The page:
Women and Tennis Strings
At the very top level of the professional game there is a specialist stringing company and they look after some of the best male players in the world. They provide an annual service where they do everything from customised grip pallets to weight matching to onsite tournamwnt stringing.
The reason I mention them is that I recently came across an interview done by the owner, where he was asked about why he has no female clients. I find his answer hard to believe but he said "that the female players do not take their stringing as serious as the male players".
There are a few ways to look at his answer, the first is that the women are more than happy with the service provided at each tournament, where some of the most experienced stringers in the world form part of the teams. I know Nadal is one of the players who always uses the stringing service provided at each tournament.
The other is, he's right and the female players don't pay enough attention to this aspect of their equipment. You would hope and imagine the first is more the reason.
That said, from my own experience (more than 25 years stringing) I do find that men are more vocal about what they want and more adventurous when it comes to picking a string. They may not always have the correct information but they will definitely ask more questions.
There are no definitive rules when it comes to choosing a string, every player is different but there are guidelines that should be explained properly and decide from there.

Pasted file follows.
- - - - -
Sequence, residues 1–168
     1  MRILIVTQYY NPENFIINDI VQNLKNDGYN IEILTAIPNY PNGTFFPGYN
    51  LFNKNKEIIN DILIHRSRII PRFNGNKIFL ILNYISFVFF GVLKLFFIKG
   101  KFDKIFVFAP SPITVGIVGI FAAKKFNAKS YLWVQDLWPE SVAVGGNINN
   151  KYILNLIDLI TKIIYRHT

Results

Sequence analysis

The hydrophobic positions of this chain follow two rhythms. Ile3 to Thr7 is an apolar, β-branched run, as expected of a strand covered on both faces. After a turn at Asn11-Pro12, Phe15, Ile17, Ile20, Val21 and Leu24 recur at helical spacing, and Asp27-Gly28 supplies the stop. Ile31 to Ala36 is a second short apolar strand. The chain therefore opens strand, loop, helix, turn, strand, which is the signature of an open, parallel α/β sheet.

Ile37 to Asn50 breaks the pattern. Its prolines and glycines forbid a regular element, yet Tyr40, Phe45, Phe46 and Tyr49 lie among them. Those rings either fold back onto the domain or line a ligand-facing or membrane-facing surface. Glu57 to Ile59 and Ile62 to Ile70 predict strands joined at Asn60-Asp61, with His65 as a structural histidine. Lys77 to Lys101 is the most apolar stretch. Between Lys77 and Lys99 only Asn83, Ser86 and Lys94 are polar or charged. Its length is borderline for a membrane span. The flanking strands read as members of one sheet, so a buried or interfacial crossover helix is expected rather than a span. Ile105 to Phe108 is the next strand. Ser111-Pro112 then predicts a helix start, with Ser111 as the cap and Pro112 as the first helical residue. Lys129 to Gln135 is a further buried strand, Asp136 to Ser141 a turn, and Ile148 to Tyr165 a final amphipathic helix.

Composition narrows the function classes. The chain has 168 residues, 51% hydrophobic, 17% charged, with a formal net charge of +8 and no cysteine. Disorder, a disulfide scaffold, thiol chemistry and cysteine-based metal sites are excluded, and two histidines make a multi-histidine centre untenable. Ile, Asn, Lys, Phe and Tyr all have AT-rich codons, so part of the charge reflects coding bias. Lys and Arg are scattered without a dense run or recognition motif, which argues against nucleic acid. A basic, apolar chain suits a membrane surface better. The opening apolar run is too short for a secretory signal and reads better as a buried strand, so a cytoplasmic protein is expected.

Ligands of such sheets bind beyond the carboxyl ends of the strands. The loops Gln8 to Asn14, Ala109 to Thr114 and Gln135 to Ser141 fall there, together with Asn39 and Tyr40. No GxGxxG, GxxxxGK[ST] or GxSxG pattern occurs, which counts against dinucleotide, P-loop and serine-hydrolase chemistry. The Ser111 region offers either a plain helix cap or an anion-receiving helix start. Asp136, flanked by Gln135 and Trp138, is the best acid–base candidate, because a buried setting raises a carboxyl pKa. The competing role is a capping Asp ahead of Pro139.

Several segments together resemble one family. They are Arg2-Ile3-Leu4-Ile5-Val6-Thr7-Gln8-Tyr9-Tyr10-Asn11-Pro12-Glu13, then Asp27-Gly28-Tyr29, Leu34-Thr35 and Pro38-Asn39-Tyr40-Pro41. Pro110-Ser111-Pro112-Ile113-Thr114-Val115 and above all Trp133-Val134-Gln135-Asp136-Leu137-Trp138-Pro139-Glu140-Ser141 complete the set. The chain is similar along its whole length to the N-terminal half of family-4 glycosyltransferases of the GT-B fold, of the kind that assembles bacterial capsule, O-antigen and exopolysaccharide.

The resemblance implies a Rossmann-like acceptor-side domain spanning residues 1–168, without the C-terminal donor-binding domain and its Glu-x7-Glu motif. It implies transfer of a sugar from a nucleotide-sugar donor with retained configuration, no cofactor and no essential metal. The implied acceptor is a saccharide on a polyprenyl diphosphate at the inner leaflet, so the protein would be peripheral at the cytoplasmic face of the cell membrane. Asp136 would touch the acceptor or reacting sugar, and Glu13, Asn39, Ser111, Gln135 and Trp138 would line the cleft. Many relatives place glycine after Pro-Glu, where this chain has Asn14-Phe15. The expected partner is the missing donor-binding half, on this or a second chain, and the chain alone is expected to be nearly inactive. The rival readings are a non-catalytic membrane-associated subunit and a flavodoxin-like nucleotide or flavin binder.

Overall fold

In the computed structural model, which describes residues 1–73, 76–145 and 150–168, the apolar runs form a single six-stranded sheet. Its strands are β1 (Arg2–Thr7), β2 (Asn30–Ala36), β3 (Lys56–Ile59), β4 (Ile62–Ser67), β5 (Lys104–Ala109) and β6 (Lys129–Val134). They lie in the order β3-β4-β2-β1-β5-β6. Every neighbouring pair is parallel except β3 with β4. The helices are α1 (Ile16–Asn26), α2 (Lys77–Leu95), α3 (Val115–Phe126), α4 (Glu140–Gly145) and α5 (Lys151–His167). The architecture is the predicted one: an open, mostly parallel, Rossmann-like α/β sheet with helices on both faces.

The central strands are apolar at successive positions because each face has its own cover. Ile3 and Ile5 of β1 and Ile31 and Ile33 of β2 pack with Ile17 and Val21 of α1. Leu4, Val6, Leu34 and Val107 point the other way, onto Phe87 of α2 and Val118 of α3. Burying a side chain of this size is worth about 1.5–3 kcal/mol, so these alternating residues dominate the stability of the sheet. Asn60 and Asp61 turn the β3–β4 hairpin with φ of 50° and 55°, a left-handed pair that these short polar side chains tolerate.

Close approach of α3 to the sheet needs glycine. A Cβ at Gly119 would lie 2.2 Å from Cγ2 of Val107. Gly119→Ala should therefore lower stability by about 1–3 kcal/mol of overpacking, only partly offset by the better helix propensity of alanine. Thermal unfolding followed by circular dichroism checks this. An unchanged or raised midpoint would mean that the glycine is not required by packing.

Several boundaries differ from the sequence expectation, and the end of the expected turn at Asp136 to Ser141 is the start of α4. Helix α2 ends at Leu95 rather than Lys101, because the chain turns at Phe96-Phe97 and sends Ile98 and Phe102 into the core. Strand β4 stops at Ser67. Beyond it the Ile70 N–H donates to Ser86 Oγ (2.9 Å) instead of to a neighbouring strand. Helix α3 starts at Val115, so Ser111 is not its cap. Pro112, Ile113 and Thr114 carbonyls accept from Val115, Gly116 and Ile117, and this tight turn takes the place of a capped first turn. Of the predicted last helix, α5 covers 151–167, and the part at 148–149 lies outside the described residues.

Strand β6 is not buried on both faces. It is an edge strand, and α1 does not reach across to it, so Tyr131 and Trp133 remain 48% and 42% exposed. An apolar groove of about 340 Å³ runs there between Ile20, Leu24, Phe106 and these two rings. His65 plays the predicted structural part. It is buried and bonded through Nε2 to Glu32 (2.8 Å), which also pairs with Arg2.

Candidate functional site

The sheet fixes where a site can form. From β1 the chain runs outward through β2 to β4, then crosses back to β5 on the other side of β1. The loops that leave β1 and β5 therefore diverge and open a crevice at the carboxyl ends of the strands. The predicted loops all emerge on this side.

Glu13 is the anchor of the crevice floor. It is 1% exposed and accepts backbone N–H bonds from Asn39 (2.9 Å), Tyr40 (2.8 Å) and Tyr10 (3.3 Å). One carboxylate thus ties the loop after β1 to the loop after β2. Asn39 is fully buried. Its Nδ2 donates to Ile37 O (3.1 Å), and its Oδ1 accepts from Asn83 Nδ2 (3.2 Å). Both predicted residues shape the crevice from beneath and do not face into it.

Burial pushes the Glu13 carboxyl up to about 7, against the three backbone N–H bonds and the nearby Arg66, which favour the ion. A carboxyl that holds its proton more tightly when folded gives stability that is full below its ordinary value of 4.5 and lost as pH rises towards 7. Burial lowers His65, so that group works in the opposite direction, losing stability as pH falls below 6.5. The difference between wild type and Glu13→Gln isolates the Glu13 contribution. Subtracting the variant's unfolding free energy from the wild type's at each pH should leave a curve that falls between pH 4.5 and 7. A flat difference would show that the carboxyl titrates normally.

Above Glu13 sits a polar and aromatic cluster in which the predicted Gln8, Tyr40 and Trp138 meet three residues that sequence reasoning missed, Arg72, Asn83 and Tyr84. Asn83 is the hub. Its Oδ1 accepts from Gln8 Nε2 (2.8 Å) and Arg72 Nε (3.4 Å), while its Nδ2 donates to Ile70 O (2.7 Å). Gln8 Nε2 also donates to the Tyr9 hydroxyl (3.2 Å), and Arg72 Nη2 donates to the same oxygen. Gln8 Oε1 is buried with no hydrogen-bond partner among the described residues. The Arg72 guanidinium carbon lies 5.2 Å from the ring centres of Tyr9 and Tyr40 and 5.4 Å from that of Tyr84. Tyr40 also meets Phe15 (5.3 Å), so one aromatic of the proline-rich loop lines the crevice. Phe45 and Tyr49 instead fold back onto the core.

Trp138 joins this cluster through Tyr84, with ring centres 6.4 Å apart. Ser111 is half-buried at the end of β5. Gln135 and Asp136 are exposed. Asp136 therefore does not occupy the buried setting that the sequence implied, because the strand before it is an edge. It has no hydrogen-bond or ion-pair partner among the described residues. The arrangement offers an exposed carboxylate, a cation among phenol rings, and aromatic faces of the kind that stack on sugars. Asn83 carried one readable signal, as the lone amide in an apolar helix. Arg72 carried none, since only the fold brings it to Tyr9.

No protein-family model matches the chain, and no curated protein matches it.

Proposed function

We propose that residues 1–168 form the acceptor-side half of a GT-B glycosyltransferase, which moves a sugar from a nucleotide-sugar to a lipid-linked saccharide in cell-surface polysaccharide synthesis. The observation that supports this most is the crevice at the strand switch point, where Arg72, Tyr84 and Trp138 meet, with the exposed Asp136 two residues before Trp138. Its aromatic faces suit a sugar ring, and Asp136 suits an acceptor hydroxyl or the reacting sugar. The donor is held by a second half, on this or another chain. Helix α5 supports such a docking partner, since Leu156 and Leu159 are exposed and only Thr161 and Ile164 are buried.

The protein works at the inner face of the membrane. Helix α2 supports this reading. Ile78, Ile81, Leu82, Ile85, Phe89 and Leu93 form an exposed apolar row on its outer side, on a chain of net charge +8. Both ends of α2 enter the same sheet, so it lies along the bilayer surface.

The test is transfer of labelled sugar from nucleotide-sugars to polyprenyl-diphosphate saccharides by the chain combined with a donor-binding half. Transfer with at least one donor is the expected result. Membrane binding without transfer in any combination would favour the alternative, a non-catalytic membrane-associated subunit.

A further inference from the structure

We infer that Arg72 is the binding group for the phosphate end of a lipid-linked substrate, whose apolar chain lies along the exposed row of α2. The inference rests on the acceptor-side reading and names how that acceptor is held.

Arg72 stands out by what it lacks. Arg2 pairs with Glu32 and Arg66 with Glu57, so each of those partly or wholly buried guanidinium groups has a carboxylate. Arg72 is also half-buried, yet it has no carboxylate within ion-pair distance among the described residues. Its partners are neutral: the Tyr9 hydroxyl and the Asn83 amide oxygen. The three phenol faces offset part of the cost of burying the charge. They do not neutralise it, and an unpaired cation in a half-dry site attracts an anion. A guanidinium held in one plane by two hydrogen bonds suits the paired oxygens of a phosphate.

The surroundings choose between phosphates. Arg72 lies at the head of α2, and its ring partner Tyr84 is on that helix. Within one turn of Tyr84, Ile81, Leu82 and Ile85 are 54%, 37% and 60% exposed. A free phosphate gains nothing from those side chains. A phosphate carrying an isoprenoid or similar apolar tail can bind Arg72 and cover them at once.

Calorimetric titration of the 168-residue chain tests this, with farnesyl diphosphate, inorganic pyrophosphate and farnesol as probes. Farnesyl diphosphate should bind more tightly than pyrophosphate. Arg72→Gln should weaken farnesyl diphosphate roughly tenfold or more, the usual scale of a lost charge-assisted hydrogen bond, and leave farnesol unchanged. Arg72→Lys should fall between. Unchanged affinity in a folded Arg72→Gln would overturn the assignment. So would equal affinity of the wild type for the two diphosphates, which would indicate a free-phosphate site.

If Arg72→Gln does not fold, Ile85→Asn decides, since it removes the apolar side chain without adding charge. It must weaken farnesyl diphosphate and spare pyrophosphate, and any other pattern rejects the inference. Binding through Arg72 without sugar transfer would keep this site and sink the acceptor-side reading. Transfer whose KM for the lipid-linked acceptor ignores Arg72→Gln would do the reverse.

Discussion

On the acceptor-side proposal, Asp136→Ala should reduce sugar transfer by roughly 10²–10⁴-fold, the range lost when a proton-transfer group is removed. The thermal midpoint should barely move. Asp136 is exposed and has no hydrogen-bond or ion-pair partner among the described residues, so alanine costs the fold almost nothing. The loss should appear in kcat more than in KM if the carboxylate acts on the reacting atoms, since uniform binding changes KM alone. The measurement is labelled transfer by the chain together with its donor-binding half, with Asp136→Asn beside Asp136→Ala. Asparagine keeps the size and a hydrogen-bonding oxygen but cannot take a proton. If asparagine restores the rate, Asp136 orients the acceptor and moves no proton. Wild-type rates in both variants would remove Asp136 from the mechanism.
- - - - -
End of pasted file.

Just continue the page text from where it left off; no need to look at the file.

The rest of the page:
The choice of strings is the same for men and women, as is the criteria for choosing string. You must take into account the racket they are playing with, their physical size, the style of game they play and any feedback they might give you to help with the selection.
I am not referring to professional players here, I am talking about club and social players that I have dealt with over the years. Generally speaking most of the womens rackets that I have strung are under 300 grams of weight. Based on an article by Tecnifibre, and generally recommended by the other brands, any racket that weighs less than 300 grams is stiff enough and would not require the player using polyester strings.
If a female player does currently use polyester and is unsure about it, or their racket is under 300 grams or they are considering using polyester because it has been recommended to them, I generally try to get them to try a hybrid setup, where I put the poly in the crosses and a nylon or multifilament in the mains. This adds the control that they might want but still keeps the stringbed reasonably soft.
My first preference is a good multifilament. From here we can use a thicker gauge for more control or raise the tension, or a thinner gauge or lower tension for increased power. It's hard to beat a nice multifilament!
The biggest problem I encounter when talking to female players about their game and string is embarrassment. Embarrassment in case they say something that makes them sound foolish or that, even though they have been playing for a longtime they don't actually know much, if anything about strings. The reality is most people know a lot less than they think.
So unfortunately they seem to listen to the advice of someone at the club or aren't lucky enough to have a qualified stringer in their area that will share the correct information with them.
I have found once you explain how each string performs and how the correct choice can help their game, most choose a multifilament or a hybrid because the majority of club and social players are looking for more power.
They also like the idea that softer strings are easier on your arm.
For me the most important thing with all my customers is to talk to them, and do it in a way that they don't feel foolish.
Explain things properly to them and they generally make the correct choice themsleves.